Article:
Don’t let social media cost you your job

Posting ill-judged comments about your company or colleagues online could easily cost you your job – whether it’s during work hours or not. Here’s some advice on how to stay on happy terms with your employer without spoiling your social media life.

Question: which of the following Facebook activities could get you the sack?

  1. Sharing sensitive company information.
  2. Having a little moan after a hard day at work.
  3. Posting a photo of yourself enjoying a cold beer.

Answer: all of them! In recent years, nothing has blurred the lines between the private and public spheres quite like social media – with potentially far-reaching consequences for our careers. Thankful­­ly, most of us manage to combine our social media and working lives without suffering any major dramas or resorting to full-blown self-censorship.

Public, not private

Problems tend to arise when people naïvely assume that their online personal life outside of work exists in a private space where they can say whatever they like. In fact the opposite is true: what you say online is actually more public than in the real world, more easily spread and forever available to be used in evidence against you. This doesn’t mean you should start frantically censoring your online persona and activity. There’s no reason to limit how you express your personal life when simply establishing a few reasonable ground rules will, for the most part, keep you out of hot water at work.

Start with social media policy

Your company’s social media policy is the best place to start (in 2014, 79% of companies already had some form of policy in place). A social media policy will typically include guidelines and rules relating to personal usage of social media at work, details of any staff monitoring in place, disciplinary measures for breaching rules, and what is and isn’t acceptable behaviour. Every employer is different so a policy should have specific examples of what is appropriate and acceptable to your employment situation. If there is no policy in place at your workplace, talk to your union rep if you have one – they can help you work in partnership with your employer to hammer out a policy. Even if you aren’t a union member, there should be nothing to stop you approaching your employer directly. This staff–management collaboration is essential in order for a balanced shared understanding of what is expected of both employees and employer to be arrived at.

Not suitable for work

Since nothing is truly private on social media (an assumption shared in most disciplinary proceedings, by the way) there are some pretty obvious things to not publish, such as confidential business information. Posting and sharing offensive or illegal material (e.g. obscene, sexual, racist or extremist content, etc.) – in or out of work hours – could also easily cost you your job. So far, so obvious. But other important areas require more judgement. Many disciplinary cases around social media have involved ‘bringing the company into disrepute’ – by, say, complaining consistently about company policies, staff or conditions, or behaving in a generally offensive or inappropriate way online, whilst identified (e.g. by context or your profile information) as a company employee. Publishing content viewed as derogatory or disparaging of colleagues, customers or clients is also risky territory. Your employer has a duty to protect its staff from harassment and aggression. This includes cyberbullying (e.g. vindictively posting sensitive personal information about, or threatening comments to, others). This can be every bit as harmful – and punishable – as bullying in the real workplace. (Conversely, avoid sharing too much personal information about yourself that could give other people at work ammunition to bully you.)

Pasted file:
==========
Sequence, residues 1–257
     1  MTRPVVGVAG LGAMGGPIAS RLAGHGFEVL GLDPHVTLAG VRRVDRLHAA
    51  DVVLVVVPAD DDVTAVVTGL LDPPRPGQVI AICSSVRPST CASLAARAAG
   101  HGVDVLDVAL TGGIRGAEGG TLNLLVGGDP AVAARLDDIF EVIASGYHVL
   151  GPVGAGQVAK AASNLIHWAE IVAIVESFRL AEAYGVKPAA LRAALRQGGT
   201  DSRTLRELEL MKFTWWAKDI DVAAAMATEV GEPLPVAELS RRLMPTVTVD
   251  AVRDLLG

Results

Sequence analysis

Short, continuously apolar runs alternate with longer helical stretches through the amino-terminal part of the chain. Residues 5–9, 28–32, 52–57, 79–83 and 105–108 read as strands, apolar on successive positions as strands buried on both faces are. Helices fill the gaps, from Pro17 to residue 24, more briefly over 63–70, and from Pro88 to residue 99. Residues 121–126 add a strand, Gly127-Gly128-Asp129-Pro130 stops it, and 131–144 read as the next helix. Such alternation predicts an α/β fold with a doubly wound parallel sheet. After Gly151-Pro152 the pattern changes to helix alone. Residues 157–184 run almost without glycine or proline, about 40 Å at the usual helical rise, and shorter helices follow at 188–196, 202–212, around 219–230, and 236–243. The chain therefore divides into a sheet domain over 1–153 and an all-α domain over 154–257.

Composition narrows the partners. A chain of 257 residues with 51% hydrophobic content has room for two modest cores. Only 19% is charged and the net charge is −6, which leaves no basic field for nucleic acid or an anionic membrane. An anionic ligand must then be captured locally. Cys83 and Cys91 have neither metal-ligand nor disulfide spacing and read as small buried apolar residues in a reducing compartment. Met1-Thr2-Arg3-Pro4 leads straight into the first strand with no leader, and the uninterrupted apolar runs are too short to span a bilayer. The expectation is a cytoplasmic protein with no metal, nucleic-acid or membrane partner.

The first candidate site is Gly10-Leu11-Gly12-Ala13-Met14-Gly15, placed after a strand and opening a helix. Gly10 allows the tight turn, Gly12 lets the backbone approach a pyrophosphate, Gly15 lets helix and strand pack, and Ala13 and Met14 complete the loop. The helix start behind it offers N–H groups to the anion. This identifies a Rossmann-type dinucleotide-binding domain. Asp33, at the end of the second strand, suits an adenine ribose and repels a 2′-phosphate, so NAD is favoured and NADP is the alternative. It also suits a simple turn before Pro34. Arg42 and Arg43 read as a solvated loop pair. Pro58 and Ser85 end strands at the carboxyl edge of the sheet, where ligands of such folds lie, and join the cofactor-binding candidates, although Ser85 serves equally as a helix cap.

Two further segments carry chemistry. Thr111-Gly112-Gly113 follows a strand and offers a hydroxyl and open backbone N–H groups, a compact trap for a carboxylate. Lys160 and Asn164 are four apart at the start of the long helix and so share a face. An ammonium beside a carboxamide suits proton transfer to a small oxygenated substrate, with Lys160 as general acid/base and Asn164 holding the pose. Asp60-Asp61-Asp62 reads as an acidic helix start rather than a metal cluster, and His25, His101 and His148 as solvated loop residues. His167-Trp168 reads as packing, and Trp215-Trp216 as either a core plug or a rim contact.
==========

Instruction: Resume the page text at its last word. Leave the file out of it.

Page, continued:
Think before you post

Tempting as it might sometimes be to have a dig at your boss, a colleague or work in general – particularly if you are feeling angry – always think before you post. If social media is an extension of the real world, rather than separate for it, a good litmus test is to relate any work-related comments back to the workplace itself:

  • Would I say this out loud at work?
  • (If aimed at a person) would I say it to their face?
  • Is this comment a form of bullying and will broadcasting it cause others to bully them at work?
  • Will this make my colleagues or employer look bad? Will it make them angry?
  • Will this comment make my work life and relationships more or less difficult?
  • Will it get me the sack? (Or, if you are leaving your job anyway) will it prevent me from getting a reference?

Finally, if your judgement is too clouded, try to get a second opinion (though ideally not from an equally drunk friend as last orders is just being called). Better still, sleep on it! There’s more information from WorkSMART on social media and the workplace here.

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